READ MORE about David’s award
PROF KEITH CAMERON FNZIAHS & PROF HONG DI FNZIAHS from Lincoln University have received the 2021 RSNZ Pickering Medal for inventing new technology to treat dairy farm effluent to recycle water and reduce phosphate and E coli leaching into water. ClearTech® is a fully-automatic treatment system that uses a coagulant to produce ‘clarified water’ and ‘treated effluent’. It reduces the volume of effluent that needs to be irrigated or stored; clarifies and recycles more than 50% of the water that can be used to wash the farmyard; and reduces the risk of contamination of rivers, lakes and groundwater, reducing phosphate and E coli leaching by over 90%.
PROF RICH McDOWELL from AgResearch and Our Land and Water, National Science Challenge has received the 2021 RSNZ Hutton Medal for outstanding contributions to the knowledge of nutrient flows in soils and water, and informing farm management and environmental policy. A soil scientist, Rich is best known firstly for showing how contaminants move across land and into water, and secondly how to manage land to mitigate losses. He has used this knowledge to inform policy and has made an immense contribution to the strategies available in New Zealand and overseas for mitigation of nutrient losses to water.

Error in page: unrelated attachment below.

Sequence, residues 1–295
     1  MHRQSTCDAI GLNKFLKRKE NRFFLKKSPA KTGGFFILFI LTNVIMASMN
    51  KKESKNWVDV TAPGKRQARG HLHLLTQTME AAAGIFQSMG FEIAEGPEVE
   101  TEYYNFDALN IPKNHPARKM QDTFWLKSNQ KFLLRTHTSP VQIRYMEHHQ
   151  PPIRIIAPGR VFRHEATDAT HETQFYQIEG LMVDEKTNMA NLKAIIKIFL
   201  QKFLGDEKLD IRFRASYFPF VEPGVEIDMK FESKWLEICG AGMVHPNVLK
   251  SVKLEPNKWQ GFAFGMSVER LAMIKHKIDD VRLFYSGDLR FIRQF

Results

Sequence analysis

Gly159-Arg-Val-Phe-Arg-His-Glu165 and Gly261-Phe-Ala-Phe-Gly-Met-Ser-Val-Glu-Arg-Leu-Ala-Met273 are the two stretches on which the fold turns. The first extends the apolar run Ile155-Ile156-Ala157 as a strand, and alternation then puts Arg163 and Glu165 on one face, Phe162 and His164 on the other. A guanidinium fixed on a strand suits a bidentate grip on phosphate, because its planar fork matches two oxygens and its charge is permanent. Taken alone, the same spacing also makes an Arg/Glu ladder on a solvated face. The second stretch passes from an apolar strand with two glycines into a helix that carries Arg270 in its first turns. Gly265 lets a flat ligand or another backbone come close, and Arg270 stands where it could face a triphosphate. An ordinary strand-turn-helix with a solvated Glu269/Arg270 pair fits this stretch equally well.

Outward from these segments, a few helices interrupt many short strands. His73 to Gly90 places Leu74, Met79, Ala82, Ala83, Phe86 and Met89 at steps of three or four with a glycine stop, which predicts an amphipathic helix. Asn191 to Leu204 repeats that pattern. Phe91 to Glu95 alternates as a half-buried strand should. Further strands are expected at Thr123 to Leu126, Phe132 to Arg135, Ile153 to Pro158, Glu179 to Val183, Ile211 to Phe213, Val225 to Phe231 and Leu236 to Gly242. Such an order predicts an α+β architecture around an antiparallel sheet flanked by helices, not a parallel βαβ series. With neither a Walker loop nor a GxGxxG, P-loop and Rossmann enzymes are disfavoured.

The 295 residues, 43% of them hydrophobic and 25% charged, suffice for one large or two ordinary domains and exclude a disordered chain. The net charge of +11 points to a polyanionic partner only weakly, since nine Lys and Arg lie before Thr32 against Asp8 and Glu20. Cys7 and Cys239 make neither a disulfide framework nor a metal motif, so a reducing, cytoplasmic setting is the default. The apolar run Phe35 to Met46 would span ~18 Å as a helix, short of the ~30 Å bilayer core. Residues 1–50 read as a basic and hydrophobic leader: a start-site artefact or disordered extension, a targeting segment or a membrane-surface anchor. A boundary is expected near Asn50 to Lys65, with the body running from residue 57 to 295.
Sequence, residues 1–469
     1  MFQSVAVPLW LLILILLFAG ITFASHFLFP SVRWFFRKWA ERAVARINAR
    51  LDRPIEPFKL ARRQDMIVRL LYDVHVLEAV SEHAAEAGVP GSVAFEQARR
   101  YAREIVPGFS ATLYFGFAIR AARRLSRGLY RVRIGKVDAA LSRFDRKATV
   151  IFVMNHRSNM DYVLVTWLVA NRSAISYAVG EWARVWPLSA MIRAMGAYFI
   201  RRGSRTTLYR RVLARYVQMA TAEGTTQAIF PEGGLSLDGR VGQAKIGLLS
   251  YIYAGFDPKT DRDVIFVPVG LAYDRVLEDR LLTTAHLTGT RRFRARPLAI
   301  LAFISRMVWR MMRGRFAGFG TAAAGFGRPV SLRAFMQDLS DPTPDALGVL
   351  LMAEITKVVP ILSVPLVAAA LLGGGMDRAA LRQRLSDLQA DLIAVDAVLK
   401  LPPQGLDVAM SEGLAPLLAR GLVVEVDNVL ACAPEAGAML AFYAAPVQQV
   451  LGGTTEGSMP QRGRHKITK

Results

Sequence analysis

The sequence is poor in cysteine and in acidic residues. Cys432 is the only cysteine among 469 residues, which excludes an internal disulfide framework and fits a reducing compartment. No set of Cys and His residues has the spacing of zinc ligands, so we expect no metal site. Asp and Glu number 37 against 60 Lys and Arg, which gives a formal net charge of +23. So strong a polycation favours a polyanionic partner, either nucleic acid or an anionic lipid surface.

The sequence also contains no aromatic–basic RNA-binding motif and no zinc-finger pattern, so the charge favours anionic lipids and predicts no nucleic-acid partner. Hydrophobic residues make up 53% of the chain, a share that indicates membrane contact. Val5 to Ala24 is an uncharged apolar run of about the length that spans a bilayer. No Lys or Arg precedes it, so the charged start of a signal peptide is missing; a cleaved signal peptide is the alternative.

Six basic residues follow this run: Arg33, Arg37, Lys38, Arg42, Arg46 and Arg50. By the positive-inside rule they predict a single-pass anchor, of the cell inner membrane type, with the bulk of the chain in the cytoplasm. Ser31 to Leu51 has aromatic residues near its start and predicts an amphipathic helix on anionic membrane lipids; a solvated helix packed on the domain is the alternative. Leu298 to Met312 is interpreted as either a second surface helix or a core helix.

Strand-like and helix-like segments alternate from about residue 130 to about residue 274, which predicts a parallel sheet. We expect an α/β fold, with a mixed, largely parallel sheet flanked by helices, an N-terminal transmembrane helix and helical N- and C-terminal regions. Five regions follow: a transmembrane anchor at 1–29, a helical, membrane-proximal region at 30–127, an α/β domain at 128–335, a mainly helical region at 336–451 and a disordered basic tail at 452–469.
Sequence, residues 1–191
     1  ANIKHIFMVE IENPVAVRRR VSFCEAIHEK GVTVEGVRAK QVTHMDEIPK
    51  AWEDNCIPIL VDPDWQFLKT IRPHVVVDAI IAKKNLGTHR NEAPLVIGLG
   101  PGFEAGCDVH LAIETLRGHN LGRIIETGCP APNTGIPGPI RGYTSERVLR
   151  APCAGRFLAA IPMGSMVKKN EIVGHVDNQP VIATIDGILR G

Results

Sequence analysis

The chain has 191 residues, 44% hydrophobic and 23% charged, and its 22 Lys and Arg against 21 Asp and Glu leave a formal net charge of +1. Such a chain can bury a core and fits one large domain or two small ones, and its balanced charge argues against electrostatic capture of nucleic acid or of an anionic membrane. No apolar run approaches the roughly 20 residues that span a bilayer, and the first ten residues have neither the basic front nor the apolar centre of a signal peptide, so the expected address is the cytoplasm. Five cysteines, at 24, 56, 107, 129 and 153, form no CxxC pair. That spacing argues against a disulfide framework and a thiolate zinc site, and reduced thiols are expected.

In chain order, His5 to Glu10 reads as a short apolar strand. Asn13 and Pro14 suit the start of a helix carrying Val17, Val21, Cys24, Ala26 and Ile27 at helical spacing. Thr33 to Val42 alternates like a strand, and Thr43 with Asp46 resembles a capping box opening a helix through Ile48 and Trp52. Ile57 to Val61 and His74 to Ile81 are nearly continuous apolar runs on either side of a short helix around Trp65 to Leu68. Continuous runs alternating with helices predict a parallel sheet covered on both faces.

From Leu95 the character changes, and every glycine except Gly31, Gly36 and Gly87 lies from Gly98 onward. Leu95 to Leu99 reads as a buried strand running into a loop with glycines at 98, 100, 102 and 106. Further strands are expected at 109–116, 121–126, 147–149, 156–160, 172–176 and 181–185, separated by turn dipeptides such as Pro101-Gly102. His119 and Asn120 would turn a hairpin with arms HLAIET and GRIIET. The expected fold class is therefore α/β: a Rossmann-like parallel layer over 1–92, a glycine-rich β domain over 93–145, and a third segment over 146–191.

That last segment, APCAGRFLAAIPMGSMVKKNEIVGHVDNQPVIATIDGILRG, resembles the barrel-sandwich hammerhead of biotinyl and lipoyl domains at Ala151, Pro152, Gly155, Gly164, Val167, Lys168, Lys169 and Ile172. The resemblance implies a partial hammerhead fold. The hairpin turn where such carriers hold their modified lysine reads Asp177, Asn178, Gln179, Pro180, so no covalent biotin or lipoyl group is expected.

READ MORE about the 2021 Research Honours Awards
2021 PGG Wrightson Seeds Significant Achievement Award
was awarded to the Lincoln University Dryland Pastures Research Group (DPRG)